CIFellows Spotlight highlights the work of the Computing Innovation Fellows (CIFellows) for the computing research community.
Biresh Kumar Joardar began his CIFellowship in September 2020 after receiving his PhD from Washington State University in Summer of 2020. Joardar is at Duke University working with Krishnendu Chakrabarty, Distinguished Professor and Chair in the Department of Electrical and Computer Engineering.
The theme of my current project is “Machine Learning for Machine Learning”. The project aims to demonstrate the symbiotic relationship between machine learning (ML) algorithms and computer system design. In this new paradigm, hardware researchers benefit from new data-driven ML algorithms and ML researchers benefit from efficient computing enabled by new hardware-software co-design. More specifically, I work on designing heterogeneous manycore and in-memory computing architectures with different types of processing units (CPUs, GPUs, NVMs, etc.) and interconnection technologies (e.g., TSV-based stacking, M3D, Wireless etc.).
Advancement in novel ML algorithms and computer system design are tightly coupled and advancement in one cannot be achieved without the other. However, the slowing down of Moore’s law has impacted the development of new computing platforms, which is detrimental to future developments in ML. Larger and more complex models are often used to solve many real-world problems. For instance, the GPT-3 model with 173 billion parameters is used for natural language processing. Complex Graph Neural Networks are used for drug development, which will help in future COVID-like pandemics. However, these machine learning models tend to be expensive and power hungry. This happens as present-day architectures for ML applications, such as GPUs, are not optimized for these tasks. Hence, there is a need to design better computing systems, which in turn will reduce the cost and energy necessary to run more complex machine learning models.
Overall, this project will foster growth and innovation in both domains i.e., develop more efficient computing systems at varying granularities (starting from edge devices to large-scale servers) and more sophisticated and portable ML applications. This will tremendously benefit mankind as more complex tasks such as natural language processing, drug discovery, etc. can be solved faster and without consuming a large amount of energy, thereby enabling us to react more quickly to various societal emergencies in future such as COVID-like pandemics.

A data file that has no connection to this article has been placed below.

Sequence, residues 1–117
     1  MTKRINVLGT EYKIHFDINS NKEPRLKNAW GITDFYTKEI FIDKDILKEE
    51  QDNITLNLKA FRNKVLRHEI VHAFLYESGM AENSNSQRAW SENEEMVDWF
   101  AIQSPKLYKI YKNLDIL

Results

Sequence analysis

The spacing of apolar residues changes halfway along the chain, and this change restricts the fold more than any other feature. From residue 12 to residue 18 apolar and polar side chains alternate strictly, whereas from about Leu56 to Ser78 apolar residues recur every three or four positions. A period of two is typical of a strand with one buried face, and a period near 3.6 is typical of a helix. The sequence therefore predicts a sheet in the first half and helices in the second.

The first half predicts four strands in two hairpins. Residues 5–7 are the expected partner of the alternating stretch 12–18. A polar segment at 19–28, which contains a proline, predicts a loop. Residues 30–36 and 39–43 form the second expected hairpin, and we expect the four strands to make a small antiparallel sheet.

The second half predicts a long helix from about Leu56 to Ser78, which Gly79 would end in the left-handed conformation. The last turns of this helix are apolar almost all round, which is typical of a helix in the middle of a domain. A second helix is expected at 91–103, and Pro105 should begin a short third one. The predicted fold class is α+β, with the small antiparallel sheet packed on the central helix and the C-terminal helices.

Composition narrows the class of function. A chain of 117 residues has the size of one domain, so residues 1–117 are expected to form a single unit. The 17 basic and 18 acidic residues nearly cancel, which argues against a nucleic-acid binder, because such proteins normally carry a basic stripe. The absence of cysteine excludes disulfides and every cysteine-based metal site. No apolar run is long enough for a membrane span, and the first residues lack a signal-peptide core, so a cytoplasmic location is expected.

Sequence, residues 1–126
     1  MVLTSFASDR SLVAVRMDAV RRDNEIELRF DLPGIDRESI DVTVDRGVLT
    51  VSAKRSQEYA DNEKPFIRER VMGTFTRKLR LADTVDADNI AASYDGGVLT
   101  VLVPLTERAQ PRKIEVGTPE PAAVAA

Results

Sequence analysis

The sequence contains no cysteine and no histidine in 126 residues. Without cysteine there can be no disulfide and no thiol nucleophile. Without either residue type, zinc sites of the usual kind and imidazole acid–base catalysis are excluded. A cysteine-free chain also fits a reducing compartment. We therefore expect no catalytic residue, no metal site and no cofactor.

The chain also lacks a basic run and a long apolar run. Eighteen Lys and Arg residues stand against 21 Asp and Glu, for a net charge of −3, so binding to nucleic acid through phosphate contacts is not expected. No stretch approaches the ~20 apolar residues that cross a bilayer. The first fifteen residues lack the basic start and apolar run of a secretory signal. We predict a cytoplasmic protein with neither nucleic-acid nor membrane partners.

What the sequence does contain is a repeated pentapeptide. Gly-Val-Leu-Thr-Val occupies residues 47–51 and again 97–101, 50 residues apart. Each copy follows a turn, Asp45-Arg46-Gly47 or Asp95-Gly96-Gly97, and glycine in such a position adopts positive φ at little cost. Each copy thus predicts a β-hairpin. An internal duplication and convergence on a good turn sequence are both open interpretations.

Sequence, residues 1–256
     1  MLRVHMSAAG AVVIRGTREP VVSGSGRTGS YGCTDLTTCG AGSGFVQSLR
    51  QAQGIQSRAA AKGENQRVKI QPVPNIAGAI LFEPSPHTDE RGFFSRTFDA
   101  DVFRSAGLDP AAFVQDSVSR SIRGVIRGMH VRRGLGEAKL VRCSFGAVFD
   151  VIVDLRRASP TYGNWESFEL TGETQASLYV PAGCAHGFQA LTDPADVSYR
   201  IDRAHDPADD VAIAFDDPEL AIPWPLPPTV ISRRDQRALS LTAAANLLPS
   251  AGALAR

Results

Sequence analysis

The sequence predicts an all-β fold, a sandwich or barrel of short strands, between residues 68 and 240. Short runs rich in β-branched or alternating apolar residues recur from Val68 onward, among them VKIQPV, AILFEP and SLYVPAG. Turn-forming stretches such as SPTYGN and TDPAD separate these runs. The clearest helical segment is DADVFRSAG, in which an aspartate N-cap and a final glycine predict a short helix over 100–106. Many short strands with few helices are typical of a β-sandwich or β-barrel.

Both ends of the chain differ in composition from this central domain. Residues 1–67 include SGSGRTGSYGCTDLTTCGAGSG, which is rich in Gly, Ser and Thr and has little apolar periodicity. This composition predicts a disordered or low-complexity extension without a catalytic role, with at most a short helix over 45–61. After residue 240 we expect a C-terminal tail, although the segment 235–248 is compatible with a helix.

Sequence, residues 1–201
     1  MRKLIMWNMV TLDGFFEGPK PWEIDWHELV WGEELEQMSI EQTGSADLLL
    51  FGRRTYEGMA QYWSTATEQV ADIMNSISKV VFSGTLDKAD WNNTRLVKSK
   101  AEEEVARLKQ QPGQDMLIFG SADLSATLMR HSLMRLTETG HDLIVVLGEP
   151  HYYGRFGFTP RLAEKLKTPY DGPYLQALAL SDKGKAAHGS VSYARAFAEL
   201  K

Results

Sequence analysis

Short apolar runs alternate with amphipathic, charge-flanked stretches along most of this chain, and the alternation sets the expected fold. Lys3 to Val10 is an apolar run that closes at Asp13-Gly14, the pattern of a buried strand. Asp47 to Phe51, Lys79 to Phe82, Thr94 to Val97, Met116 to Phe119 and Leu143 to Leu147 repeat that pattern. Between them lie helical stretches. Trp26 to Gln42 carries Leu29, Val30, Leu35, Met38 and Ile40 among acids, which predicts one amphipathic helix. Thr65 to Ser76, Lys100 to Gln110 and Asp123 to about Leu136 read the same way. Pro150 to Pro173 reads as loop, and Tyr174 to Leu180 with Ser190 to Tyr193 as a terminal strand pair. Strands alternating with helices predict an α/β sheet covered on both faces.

Apart from hardware design, I’m also interested in hardware reliability and security. Modern computers are no longer built/designed by one company. Product manufacturers often source components from multiple vendors from across the world. A single design flaw in any one of the components can make the entire chip vulnerable to exploits by malicious actors. Hence, design for trust and reliability is important for modern computers. I have started working in this direction recently. I believe my research will contribute towards making future computers more secure and trustworthy.
I love doing research and I’m equally passionate about teaching what I have learnt to future researchers. By leveraging experience gained while working as a CIFellow, my aim is to become a tenure-track faculty. I believe that as a faculty member, I would be able to train a diverse group of next generation researchers pursuing exciting projects. I hope my contributions will solve some of the existing real-world problems and lead to a more just and better world.